That point, that we have the right to clean water, I would hope you would agree with.

Thank you for voicing your opinions. Please, go do what YOU believe in, and I will do what I believe in.

Thank you for listening.

Many compliments were received on the television advertisement.

On the day of the election, I went into the grocery store to pick up a few items.  I stopped at the deli counter, and the woman behind the counter said, “I probably don’t have to ask if you voted today!”

That was my first foray into the political world.  Would I do it again?

I’m not sure.

My Further Thoughts on the Well Contamination

I try to believe that I live in a kind of bubble and don’t know what is happening in the outside world.

I believe this because I live in a small community, and we aren’t a part of big city problems.

But small communities have their problems too.

Our small community has a problem with contaminated water in our wells.

Everyone is watching the farmers do what they do. Some farmers are good and some are not so good.

In the end, I thought we were all neighbors, but apparently the definition of neighbor has changed from years past.

People care about manure being spread, and are watching it, but are just talking to other people about it, not the right people that need to know.

“I heard…”,

“I watched each tanker load of manure, every four minutes, 125 tankers went into that field.”

Ask. Nicely. Try to understand how and why.

I remember growing up in the country and drinking water out the tap. It tasted so good! Even living in Thiry Daems we drank water from the tap. What has changed between then and now?

Liquid manure.

Not clumpy manure. Liquid. Like pouring water out of a bottle.

It is being poured into fields at thousands – tens of thousands – gallons per acre. PER ACRE. It is ponding. A little manure pond.

Some farmers have to work it in, some don’t.

Some follow the regulations and rules and others don’t give a shit. Pardon the pun.

But I care. I care about my home in this community.

But now, my home only has a value to me. I couldn’t sell a home with a contaminated well.

So what happens to the home that belonged to my husband’s great grandparents?

Is there no pride anymore? If I sold our home, it would most likely be demolished and the well abandoned. Tell that to my husband who has spent 25 years of his own blood, sweat, tears and money making this home ours.

There are CAFO’s, we all know those are the large farms. We’re talking 6000 cows. They are transparent and open and showing the community that they are planting cover crops. They have strict rules and regulations they must follow. They are trying their best to be stewards of the land, their community, and yet keep their business prospering.

Of course, not all CAFO’s are like this, there are those that have thumbed their nose at outside interference, rules and regulations, being a polluter for over 20 years. They don’t care. They don’t have the passion for the land or their community. They sit in the bar on a daily basis and get drunk to try and relieve whatever woes have beset them this week. And they talk shit about the community and its’ people.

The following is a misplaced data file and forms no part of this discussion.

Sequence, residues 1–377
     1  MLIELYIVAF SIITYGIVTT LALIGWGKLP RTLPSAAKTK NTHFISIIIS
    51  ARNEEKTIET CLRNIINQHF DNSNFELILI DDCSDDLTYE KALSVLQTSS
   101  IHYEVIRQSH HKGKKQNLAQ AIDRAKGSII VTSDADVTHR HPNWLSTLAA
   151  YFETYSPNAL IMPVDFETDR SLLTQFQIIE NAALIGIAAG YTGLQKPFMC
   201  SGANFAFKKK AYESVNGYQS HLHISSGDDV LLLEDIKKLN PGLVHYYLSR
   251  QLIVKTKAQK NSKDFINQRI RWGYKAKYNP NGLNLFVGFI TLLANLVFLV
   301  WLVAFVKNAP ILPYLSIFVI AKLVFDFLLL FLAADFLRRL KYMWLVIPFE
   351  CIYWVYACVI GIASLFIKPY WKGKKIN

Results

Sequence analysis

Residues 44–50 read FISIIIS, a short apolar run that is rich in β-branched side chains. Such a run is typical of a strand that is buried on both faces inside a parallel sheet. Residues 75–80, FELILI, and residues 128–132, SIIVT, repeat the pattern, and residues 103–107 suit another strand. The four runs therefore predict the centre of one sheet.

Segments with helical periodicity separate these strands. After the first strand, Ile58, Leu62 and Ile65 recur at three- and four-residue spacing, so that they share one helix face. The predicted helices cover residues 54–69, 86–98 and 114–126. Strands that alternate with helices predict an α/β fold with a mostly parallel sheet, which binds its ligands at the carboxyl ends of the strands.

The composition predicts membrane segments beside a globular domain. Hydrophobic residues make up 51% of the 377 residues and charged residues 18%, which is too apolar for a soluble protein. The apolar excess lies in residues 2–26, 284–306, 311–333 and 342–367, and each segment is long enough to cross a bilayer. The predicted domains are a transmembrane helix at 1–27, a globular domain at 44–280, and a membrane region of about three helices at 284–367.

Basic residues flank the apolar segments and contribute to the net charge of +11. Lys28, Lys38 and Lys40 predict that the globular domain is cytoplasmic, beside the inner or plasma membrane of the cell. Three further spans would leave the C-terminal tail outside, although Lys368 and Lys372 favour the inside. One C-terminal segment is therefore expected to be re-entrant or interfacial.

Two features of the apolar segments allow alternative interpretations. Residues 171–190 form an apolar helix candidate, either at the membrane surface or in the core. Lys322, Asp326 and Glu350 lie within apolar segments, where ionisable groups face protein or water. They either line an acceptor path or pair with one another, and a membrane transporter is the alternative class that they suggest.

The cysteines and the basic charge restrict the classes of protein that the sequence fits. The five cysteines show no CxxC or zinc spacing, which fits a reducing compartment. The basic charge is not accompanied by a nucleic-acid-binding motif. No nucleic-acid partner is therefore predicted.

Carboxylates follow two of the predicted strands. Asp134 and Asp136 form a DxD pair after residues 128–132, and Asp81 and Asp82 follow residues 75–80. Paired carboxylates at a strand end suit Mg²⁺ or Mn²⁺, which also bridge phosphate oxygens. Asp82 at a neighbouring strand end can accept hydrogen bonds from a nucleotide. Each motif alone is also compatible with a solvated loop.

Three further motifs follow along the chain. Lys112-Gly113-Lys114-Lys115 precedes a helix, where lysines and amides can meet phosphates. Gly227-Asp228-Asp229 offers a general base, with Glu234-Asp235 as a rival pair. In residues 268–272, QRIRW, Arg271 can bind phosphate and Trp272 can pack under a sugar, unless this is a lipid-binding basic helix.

The drunk farmer scoffs at the fines assessed to him in the hundreds of thousands of dollars.

There are also the small family farms that still have that passion, passed down from previous generations, their names well known in the community. Not only was the passion passed down, but so was the reputation that came with the name, and they live up to and beyond the standards set by their predecessors to keep that name and reputation in solid standing. They care.

Then the little farmer that doesn’t give a shit. He got the farm because he was the only kid in the family that thought he wanted it. He’s not as well known in the community, and has hard feelings from and to neighbors. No passion was handed down or learned, no reputation was passed on. So he farms because he feels thats his only lot in life. Rumors abound – he’s broke, he’s getting divorced, again.

And his manure pit overflows because either he can’t afford to have it pumped, or he just doesn’t give a shit. Or both.

Every farmer wants to support his family. It is the foundation for what he does.

What the farmer sees beyond supporting his family, is what drives his passion, his work, his pride.

So what is going to happen when all of the wells in our community are contaminated? Already, 60% of them are. So when all of the wells are contaminated, including the nearby village, what then?

The large CAFO’s, will they move on into another part of the state and do it again, and leave our community with the aftermath, like Chernobyl?

But again, here I talk about the problem, but what is the solution?

Hit the farms-large and small-with even more strict regulations and rules, that there is no enforcement for?

Do the enforcers, if there were any, know what they are supposed to enforce?

And what about fines and penalties? What will they do?

“I’m gonna take away your cows”

Ya right.

Hit them with financial penalties and they will just pay and go back to doing what they were doing before, the slap on the wrist making them wince at the short-lived pain.

Make manure handling cost more in the form of a wheel tax for however many tankers are hauling your manure to the fields?

Again, laughable. This will  close down more of the small farms. They don’t make enough to even support their families now, without the wife working at an outside job, even just for health insurance. But that’s another topic for another day.

How do the farms who caused the problem make a solid and valuable solution to those of the community that they have harmed by contaminating their well?

How can we make our water great again?

Stop spreading liquid manure altogether. That is what started this whole problem. Yes, go backwards to move forward.

We all know that our environment can regenerate itself and grow anew. Stop spreading liquid manure, in such astronomical quantities, and let the fields regenerate. Let the ground breathe. Let it grow and flourish, and while it’s doing that, come up with better solutions to handling manure.

Our contaminated well issue is like a large fire, and each new contaminated well is a new, fresh piece of wood being placed on the fire.  But there is no solution for putting the fire out.

And that’s what I have to say about that. For now.

Sending love and hugs to you ~Erika


One thought on “Religion and Politics

  1. Pingback: The Elections are Over; So Am I – I’m only me